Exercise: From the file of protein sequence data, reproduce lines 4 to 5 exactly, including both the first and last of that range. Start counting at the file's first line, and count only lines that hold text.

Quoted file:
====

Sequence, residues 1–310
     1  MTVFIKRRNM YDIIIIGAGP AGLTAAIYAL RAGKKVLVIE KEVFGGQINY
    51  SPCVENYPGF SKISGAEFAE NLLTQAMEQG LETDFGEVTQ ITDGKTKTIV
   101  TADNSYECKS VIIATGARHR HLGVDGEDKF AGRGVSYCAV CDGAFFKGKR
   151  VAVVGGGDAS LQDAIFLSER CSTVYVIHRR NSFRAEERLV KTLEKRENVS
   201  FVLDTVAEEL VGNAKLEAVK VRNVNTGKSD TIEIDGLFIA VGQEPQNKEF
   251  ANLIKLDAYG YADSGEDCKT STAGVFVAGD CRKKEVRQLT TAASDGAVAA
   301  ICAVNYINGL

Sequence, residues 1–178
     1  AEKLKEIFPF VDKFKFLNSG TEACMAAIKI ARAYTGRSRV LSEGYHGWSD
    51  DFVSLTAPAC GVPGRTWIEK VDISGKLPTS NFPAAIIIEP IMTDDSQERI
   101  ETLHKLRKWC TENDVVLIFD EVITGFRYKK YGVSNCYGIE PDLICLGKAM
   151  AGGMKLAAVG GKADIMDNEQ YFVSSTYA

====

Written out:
   101  TADNSYECKS VIIATGARHR HLGVDGEDKF AGRGVSYCAV CDGAFFKGKR
   151  VAVVGGGDAS LQDAIFLSER CSTVYVIHRR NSFRAEERLV KTLEKRENVS